They know how important this is, and fail to bring along the right equipment?

Unbelievable...

Comment: Re:Smart Criminals (Score 5, Funny) 179

by tuo42 (#44627935) Attached to: Three Banks Lose Millions After Wire Transfer Switches Hacked
*clear throat

*taptap...onetwo...thisthingon?...taptap...onetwothree...good

*clear throat again

Ladies and Gentlemen, I present to you: the car analogy for our topic tonight

It's like...with the police behind following you in your car...

blinking left, but taking a right turn!

*badabumm

Thank you, thank you, I'm here all night.

Comment: Re:Q&A (Score 1) 206

by tuo42 (#44609409) Attached to: "Jekyll" Test Attack Sneaks Through Apple App Store, Wreaks Havoc
Then again to them (and I think any business) it might be a difference if some John Doe sends an app which reads "share your life, your secrets, your meals, your pets, where you go, what you think, what you don't think, who you like, who you don't like, what you do etc. with all of your friends, sometimes their friends, people you don't like but have to be friends with to be cool or to prevent beeing fired and of course the NSA and at least five other absolutely professional security agencies around the world for FREE!!!!" than when one of the most influental social networks enters an app that basically reads the same but in less words: "do everything you do on facebook, but while you're away from your computer".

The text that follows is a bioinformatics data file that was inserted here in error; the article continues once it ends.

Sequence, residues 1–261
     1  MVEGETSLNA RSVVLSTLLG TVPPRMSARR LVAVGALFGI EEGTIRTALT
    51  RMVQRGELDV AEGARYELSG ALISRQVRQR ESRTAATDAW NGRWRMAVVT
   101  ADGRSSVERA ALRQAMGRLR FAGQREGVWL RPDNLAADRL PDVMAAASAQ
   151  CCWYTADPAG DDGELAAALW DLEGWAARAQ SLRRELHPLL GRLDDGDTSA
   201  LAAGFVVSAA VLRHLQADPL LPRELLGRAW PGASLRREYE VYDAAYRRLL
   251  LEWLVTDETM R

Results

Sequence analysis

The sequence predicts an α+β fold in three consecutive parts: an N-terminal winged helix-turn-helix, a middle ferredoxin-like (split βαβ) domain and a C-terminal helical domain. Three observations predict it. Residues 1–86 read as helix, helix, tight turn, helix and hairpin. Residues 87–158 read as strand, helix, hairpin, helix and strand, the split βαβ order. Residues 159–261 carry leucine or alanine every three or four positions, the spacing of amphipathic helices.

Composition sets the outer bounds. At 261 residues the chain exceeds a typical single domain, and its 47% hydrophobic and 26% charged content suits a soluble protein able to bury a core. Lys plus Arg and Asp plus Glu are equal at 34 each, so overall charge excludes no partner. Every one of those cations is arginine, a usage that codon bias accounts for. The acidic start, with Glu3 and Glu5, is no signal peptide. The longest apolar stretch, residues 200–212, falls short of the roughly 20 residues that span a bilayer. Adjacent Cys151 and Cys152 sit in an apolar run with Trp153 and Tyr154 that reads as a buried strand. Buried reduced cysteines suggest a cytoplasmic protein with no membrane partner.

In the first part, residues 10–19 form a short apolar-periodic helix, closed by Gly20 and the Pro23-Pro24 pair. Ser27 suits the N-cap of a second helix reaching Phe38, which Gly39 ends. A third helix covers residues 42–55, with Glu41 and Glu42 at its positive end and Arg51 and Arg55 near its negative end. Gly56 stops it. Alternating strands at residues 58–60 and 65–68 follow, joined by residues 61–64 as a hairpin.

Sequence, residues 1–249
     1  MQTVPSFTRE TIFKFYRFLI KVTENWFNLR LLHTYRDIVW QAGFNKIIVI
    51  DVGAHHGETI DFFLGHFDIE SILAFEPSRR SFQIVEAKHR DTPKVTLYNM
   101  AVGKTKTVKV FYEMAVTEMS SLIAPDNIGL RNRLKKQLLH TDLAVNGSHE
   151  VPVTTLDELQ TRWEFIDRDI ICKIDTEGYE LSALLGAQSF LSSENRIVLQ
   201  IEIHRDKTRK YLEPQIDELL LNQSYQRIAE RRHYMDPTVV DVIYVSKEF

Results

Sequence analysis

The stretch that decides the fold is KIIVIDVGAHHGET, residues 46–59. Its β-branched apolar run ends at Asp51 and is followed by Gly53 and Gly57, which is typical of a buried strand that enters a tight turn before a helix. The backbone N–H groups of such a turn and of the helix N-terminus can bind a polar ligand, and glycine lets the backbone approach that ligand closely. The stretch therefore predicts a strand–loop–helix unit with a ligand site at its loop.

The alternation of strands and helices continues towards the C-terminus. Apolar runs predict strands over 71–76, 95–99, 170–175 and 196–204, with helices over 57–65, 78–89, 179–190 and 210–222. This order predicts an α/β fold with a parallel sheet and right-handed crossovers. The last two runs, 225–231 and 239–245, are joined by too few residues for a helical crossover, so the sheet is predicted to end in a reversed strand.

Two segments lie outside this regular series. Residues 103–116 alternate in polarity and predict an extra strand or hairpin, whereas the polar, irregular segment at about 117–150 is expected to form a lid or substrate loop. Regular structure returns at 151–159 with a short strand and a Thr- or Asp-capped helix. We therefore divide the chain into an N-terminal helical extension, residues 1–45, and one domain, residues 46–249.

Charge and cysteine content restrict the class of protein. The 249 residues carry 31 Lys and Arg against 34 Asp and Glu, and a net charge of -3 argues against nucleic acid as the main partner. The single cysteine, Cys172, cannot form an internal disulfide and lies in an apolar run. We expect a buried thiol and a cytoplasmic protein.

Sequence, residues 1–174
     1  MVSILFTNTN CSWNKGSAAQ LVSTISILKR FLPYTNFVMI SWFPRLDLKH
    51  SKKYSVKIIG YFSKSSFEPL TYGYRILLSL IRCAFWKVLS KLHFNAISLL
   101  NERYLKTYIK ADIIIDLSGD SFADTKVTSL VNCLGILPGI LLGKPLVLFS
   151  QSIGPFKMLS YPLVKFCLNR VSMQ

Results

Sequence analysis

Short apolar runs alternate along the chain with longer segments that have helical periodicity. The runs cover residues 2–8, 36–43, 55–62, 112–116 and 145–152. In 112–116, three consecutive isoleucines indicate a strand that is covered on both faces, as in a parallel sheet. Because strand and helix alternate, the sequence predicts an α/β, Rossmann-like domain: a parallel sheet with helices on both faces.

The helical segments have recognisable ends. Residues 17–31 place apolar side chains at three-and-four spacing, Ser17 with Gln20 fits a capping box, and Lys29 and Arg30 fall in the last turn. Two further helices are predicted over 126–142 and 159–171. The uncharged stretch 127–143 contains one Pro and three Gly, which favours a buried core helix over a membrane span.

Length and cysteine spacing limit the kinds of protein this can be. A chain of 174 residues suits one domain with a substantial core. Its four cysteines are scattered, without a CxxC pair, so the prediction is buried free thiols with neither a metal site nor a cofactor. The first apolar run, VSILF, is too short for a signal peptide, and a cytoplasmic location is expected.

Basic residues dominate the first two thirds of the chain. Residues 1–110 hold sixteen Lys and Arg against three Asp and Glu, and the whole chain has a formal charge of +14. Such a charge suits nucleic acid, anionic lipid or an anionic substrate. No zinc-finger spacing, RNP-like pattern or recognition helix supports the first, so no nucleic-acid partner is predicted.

The person who's taking you to lunch has no intention of paying.